Node-RED Secure Installation

By Adrian | December 10, 2019

Node-RED has traditionally been used for tapping into hardware devices and API endpoints to construct workflows in a drag and drop interface. It is quite extensible given you can add your own code and data manipulations. I’ve seen Node-RED used to connect into power metering hardware which cleans up the data feed, customises the output to multiple destinations (in this case Splunk and an output file). A quick YouTube search shows there are many possible home automations with Node-RED. There is great potential in this open source software. Now while I don’t actually have any IOT type devices or sensors I can make use of like this at this time, it still interests me and I may have a few uses for it for some data collection API calls I routinely make. Behind the scenes it runs NodeJS which may explain why I’ve ignored it for such a long time.

Here is my install guide for installing and securing Node-RED.


Start with fully patched Ubuntu 18.04LTS base OS install. Not going to cover that part here.

Install the build-essentials package

sudo apt-get install -y build-essential

Install Node Package Manager (npm)

sudo apt-get install npm -y

Install Node-RED

Install Node-RED with the following command

sudo npm install -g --unsafe-perm node-red

Create a service so that Node_RED will start on reboot

Create /lib/systemd/system/nodered.service with the following text. Update the User, Group, WorkingDirectory as appropriate.

# systemd service file to start Node-RED

Description=Node-RED graphical event wiring tool

# Run as normal pi user - change to the user name you wish to run Node-RED as

# uncomment and edit next line if you need an http proxy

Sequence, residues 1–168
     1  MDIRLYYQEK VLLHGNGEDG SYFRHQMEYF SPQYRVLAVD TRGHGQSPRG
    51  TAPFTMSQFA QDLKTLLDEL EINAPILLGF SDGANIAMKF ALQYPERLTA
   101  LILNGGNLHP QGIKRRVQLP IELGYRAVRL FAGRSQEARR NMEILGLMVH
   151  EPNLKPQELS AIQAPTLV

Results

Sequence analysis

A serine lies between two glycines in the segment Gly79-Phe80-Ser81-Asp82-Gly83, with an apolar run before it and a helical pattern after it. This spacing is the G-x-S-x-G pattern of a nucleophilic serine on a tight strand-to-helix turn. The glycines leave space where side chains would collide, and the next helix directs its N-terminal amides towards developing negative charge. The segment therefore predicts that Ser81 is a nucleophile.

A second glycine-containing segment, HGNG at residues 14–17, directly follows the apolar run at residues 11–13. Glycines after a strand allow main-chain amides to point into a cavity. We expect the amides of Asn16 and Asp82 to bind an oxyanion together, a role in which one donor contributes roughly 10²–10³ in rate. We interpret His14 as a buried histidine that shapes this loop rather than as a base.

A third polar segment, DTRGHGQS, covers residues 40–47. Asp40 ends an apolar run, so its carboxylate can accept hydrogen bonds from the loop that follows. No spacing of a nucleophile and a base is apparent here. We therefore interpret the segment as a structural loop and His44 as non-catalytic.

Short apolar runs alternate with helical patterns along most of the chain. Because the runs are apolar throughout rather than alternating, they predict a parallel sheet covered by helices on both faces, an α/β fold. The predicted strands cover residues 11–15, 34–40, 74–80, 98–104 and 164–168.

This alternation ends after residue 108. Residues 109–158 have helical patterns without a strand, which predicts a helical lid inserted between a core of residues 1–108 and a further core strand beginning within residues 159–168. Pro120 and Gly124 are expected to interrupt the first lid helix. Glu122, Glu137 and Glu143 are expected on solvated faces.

# uncomment the next line for a more verbose log output
#ExecStart=/usr/bin/env node $NODE_OPTIONS red.js $NODE_RED_OPTIONS
ExecStart=/usr/bin/env node-red $NODE_OPTIONS $NODE_RED_OPTIONS
# Use SIGINT to stop
# Auto restart on crash
# Tag things in the log


Enable and start the service so it will start on reboot

sudo systemctl enable nodered
sudo systemctl start nodered

At this time, you now have a working install, you can navigate to http://w.x.y.z:1880 to access the system. Don’t go putting this online until its secure, shows people have just done that…. don’t be that person. Anyone with access to this IP may have access to create and modify flows if you don’t secure it.

Adding authentication to Node-RED

So that we can put Node-RED behind authentication we need to generate a password hash and update the settings.js file. This settings file is located at ~/.node-red/settings.js.

Installing the node-red-admin package was frustrating to say the least as I was getting permission error after permission error. I’ve only included the build steps that worked for me at the time and retried this guide to ensure that it is good.

Install the node-red-admin package.

sudo npm install -g node-red-admin

Generate a secure hash by using the following command:

node-red-admin hash-pw

# Output
<password hash>

Update ~/.node-red/settings.js. Uncomment out the block of code for adminAuth:. I have added a 1h sessionExpiryTime as well. It should look something like this afterwards:

    adminAuth: {
        sessionExpiryTime: 3600,
        type: "credentials",
        users: [{
            username: "admin",
            password: "<password hash>",
            permissions: "*"

Restart the nodered service to make the change active

sudo service nodered restart

When you try to access nodered now you will be presented with a login page node-red-login

This is much better… but only half way there, as the website is still only http.

Adding Pre-Requisites for TLS

As has been my custom, I am using Amazon Route53 for my DNS, so I intend on registering a domain and requesting a certificate with Let’s Encrypt. These are the necessary pieces you need to setup a certificate.

First add the dependencies.

# Install certbot components
sudo apt-get install software-properties-common
sudo add-apt-repository universe
sudo add-apt-repository ppa:certbot/certbot -y

# Add in the route53 extension to certbot, python3-pip